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DCIS: Strategies for Integrating Tumor Biology & Population Sciences Workshop

The Ductal Carcinoma in Situ (DCIS): Strategies for Integrating Tumor Biology and Population Sciences Workshop took place February 1 - 2, 2007 in San Francisco, CA. The purpose of this workshop was to bring together investigators studying DCIS in population-based studies, as well as experts in disciplines such as basic science, clinical trials, epidemiology and risk modeling. Participants of this workshop had a wide array of expertise and represented various areas of DCIS research. Given that advances in technology and screening methods have resulted in increased diagnosis of DCIS, this workshop was of particular importance.

The goals of the workshop were to:

  • Obtain a better understanding of the capacity to share data and methods and collaborate on DCIS research;
  • Discuss the established and promising risk factors and markers for DCIS diagnosis and prognosis that should be considered in future studies conducted in population studies; and
  • Identify current challenges and limitations for successfully conducting population-based DCIS research and develop strategies for overcoming these limitations.

The following DCIS research key priorities emerged from the workshop presentations and discussions. These priorities can further enhance existing research efforts and set the stage for future research studies.

  • Better understand the biology and natural history of DCIS lesions
  • Develop standardized pathology criteria for the diagnosis of DCIS
  • Identify markers to accurately predict response to treatment and markers that may assist in the development of agents for tailored therapy
  • Develop reliable tools for accurately predicting risk of local recurrence and, more importantly, risk of subsequent invasive disease
  • Determine key data items and methods that should be incorporated into research studies, such as patient and clinical factors, histopathological features, methods for tissue collection, and study designs and analytic methods most appropriate for population-based research
  • Increase length of patient follow-up in research studies
  • Evaluate whether existing data can be used for meta-analyses and whether collection of additional data would be beneficial.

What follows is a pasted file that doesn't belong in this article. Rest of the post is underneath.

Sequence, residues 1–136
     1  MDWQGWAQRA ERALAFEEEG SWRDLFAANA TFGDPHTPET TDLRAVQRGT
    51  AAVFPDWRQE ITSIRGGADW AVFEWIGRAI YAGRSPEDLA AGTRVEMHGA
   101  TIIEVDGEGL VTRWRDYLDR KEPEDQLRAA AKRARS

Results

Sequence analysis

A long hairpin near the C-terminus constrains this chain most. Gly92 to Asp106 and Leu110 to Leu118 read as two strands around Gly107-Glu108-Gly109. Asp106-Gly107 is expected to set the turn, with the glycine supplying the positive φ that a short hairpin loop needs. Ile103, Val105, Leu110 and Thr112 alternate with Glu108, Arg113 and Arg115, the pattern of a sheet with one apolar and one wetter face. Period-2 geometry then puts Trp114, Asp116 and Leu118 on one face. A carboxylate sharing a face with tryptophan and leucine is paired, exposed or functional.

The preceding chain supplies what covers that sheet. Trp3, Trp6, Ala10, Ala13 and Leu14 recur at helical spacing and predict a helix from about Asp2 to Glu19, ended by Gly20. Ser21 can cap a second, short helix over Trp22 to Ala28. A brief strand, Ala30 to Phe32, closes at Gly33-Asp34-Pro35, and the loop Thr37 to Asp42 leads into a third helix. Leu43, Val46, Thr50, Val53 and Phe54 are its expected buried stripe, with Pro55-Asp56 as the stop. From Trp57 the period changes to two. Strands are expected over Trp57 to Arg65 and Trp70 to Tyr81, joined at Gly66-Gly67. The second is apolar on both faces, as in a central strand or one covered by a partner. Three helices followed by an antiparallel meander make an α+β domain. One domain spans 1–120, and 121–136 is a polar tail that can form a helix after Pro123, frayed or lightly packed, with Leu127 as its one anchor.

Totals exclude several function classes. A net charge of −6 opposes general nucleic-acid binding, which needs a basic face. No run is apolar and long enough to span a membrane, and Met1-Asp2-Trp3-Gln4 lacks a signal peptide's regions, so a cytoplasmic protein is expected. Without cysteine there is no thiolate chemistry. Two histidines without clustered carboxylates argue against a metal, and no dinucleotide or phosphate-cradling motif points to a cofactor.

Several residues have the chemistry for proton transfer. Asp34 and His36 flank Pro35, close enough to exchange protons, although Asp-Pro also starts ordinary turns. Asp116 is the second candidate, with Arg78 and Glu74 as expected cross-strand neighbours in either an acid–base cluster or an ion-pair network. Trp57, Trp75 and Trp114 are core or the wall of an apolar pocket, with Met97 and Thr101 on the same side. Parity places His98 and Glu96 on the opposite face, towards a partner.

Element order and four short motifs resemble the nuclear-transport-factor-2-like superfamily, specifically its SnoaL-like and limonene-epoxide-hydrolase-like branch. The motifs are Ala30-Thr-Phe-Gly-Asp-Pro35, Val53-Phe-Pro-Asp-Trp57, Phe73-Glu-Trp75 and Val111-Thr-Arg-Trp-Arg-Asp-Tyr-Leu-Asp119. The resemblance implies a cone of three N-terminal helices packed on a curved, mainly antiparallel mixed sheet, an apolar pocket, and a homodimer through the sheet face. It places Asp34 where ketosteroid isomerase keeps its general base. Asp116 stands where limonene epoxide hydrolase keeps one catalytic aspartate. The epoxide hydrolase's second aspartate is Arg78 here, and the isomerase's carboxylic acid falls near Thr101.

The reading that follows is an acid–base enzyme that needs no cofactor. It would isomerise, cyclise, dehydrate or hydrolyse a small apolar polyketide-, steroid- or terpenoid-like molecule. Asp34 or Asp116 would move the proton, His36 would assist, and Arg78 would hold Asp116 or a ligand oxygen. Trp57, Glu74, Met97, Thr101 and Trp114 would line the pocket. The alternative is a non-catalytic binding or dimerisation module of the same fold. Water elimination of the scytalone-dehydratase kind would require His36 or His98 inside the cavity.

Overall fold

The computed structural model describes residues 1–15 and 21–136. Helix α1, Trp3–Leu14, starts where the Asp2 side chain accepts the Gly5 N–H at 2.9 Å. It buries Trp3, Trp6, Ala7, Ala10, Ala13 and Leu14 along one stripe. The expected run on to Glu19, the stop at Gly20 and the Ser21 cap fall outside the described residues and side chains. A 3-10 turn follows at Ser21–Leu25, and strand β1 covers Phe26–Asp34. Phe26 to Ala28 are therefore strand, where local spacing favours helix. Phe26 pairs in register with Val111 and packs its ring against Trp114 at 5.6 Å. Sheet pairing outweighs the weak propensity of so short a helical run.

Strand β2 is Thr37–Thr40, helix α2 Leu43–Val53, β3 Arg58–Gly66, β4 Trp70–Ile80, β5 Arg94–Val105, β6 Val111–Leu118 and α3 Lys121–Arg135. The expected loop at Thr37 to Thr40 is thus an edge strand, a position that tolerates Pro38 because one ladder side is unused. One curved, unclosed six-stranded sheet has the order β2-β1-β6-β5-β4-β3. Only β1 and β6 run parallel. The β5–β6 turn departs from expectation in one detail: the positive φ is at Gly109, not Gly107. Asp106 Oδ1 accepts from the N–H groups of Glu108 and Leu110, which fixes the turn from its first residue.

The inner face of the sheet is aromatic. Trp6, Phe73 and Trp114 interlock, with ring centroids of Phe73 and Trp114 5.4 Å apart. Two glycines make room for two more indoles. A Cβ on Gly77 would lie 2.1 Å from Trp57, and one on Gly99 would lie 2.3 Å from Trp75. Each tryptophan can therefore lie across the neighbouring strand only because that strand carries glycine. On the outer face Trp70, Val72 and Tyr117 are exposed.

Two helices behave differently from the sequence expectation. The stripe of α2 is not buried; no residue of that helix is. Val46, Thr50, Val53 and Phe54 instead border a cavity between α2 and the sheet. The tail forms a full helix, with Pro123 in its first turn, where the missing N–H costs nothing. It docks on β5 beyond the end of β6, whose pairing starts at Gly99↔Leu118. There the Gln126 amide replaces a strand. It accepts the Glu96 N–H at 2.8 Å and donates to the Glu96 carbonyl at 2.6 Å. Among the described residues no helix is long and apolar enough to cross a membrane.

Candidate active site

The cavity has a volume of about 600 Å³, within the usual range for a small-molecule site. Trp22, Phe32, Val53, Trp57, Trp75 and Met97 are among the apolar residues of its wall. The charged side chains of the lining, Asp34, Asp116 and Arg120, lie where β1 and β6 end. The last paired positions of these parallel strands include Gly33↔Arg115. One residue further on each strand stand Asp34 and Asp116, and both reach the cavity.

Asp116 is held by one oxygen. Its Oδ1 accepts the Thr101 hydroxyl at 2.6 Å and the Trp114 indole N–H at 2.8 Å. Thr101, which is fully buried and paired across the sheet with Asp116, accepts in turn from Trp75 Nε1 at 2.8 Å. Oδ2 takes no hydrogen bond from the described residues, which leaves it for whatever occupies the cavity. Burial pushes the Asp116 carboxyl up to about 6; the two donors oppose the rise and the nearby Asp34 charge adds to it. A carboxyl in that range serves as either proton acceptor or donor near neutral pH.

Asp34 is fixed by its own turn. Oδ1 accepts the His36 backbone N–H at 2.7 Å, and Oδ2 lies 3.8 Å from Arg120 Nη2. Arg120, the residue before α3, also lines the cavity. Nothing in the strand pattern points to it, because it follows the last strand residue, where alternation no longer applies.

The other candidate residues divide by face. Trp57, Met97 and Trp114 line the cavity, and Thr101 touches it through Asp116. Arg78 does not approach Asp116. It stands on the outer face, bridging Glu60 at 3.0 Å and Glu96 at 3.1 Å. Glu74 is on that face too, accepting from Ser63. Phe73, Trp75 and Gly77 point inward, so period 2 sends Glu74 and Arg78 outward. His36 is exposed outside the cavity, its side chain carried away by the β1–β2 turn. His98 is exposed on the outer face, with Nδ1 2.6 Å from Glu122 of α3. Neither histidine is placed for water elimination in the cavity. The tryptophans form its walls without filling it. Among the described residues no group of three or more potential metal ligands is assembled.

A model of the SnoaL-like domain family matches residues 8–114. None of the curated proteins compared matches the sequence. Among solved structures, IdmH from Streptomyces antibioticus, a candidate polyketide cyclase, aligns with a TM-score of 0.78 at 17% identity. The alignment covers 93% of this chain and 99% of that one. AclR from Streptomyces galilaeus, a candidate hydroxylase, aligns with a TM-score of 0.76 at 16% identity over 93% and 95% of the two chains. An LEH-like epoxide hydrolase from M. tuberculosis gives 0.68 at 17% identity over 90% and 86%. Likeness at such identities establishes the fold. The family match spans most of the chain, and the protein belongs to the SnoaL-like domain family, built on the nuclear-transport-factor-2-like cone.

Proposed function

• Develop better methods to communicate the risks and benefits of treatment choices to patients

Discussions from the workshop illustrated the following challenges in DCIS research:

  • Making the diagnosis (need standardized criteria, central pathology review)
  • Choosing the most appropriate outcome or endpoint (e.g., local recurrence, invasive breast cancer, ki-67 or other surrogate endpoint)
  • Establishing large cohorts of patients with clinical data, available pathology materials, and sufficient follow-up time
  • Deciding which tumor markers are promising enough to examine in large-scale studies of DCIS patients
  • Selecting the most appropriate study designs and statistical methods for identifying and validating new markers
  • Identifying and collaborating with researchers from other disciplines

The topics of the presentations at this workshop ranged from the epidemiology of DCIS, to characterization of the disease, to prevention, to treatment. Many of the presentations had implications for prevention of subsequent invasive disease, as risk factors are being identified and better characterized. Over-treatment of DCIS was another issue that was discussed. The current survival rate for women with DCIS is more than 95 percent, which will be difficult to improve; however, it is likely that many women could be treated using more benign measures than those that are currently used.

The researchers in attendance agreed that the workshop forum was a step in the right direction. Open discussion that helps researchers learn about their colleagues' resources (e.g., data, patients, skills) and about barriers to DCIS research such as limited tissue availability, is beneficial for fostering collaborations and advancing research.

This workshop was not a one-time effort, but rather, an initial effort to increase the focus on DCIS and how DCIS research can be advanced. Future workshops might address issues such as quality of life and quality of care, which were not a focus of this meeting.

Last Modified: 18 Oct 2013